50 Jahre Kubakrise

CAMBRIDGE, MASS.: In diesem Monat jährt sich die Kubakrise – jene 13 Tage im Oktober 1962, an denen die Welt einem Atomkrieg vermutlich näher war als je zuvor oder danach – zum 50. Mal. US-Präsident John F. Kennedy hatte die Sowjetunion damals öffentlich davor gewarnt, Angriffsraketen auf Kuba zu stationieren. Doch der sowjetische Partei- und Regierungschef Nikita Chruschtschow entschied sich, Kennedys rote Linie heimlich zu überschreiten und die Amerikaner vor vollendete Tatsachen zu stellen. Zum Ausbruch der Krise kam es, als ein amerikanisches Überwachungsflugzeug die Raketen entdeckte.

Einige von Kennedys Beratern drängten auf einen Luftschlag und einen Einmarsch in Kuba, um die Raketen zu zerstören. Kennedy machte mobil, aber er kaufte zugleich Zeit, indem er eine Seeblockade gegen Kuba verhängte. Die Krise klang ab, als die sowjetischen Schiffe mit zusätzlichen Raketen an Bord abdrehten und Chruschtschow sich bereit erklärte, die bestehenden Raketen von der Insel abzuziehen. Der damalige US-Außenminister Dean Rusk beschrieb das Geschehen so: „Wir standen uns damals Auge in Auge gegenüber, und ich glaube, die andere Seite zuckte einfach zuerst.“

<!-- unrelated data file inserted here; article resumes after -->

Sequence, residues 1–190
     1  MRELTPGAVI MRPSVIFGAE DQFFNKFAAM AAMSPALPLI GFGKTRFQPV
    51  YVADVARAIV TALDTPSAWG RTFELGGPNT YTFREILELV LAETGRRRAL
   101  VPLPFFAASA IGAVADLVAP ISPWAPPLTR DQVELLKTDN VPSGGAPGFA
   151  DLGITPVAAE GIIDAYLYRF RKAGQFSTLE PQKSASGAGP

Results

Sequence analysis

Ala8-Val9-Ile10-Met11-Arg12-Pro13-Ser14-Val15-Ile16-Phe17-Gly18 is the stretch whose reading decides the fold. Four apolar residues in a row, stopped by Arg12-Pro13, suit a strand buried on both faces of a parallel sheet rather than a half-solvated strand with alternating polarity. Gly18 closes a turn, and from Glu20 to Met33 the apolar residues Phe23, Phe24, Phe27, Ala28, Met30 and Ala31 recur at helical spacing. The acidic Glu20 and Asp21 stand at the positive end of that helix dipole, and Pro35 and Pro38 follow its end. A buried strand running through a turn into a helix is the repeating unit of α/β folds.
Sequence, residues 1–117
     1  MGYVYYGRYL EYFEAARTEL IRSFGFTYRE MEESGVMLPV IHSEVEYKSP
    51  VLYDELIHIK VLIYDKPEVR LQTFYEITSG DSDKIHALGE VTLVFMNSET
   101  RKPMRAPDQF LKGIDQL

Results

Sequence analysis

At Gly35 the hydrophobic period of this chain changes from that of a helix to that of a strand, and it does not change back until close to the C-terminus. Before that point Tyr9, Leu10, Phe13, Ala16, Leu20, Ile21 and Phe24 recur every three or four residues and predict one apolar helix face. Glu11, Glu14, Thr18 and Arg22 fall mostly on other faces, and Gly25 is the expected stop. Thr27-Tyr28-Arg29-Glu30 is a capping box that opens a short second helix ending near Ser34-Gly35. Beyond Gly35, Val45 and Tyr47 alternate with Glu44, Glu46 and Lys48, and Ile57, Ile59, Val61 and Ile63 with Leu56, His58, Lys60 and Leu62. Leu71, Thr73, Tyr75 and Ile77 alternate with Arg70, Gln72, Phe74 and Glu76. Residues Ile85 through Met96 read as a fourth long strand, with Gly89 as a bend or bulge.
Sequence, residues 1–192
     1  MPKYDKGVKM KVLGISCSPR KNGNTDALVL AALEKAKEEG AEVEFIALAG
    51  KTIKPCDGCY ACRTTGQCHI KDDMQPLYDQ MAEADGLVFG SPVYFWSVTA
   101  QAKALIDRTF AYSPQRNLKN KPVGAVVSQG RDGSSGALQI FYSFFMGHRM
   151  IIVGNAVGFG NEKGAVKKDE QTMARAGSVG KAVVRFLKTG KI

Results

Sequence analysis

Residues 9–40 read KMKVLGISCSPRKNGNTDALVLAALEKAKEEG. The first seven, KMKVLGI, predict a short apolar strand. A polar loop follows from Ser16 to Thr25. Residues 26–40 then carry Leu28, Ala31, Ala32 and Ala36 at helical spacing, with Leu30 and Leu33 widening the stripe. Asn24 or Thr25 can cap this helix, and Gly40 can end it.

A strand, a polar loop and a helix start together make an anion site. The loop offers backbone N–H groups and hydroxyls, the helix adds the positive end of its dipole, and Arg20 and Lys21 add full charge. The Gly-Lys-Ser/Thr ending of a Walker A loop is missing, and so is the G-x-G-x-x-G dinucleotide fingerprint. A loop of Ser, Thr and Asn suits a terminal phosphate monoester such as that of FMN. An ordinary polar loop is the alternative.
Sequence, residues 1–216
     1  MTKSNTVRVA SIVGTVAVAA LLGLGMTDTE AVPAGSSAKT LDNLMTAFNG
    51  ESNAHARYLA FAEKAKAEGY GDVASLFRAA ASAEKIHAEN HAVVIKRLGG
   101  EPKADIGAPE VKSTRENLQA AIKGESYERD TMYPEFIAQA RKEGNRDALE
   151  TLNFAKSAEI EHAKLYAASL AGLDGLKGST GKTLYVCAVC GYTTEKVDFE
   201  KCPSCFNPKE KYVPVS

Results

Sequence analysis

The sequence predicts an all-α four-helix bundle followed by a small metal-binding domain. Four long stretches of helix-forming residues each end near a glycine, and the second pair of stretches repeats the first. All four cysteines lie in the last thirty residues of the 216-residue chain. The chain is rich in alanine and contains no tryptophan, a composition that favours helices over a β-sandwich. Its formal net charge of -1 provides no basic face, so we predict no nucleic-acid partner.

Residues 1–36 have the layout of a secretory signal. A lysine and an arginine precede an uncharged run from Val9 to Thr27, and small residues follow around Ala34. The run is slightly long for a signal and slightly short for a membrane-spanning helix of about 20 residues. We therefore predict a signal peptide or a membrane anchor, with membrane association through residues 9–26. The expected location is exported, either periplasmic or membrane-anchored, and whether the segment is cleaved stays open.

Auf den ersten Blick war dies ein rationales, vorhersehbares Ergebnis. Die USA hatten 17 Mal so viele Atomwaffen. Die Sowjets waren waffentechnisch einfach unterlegen.

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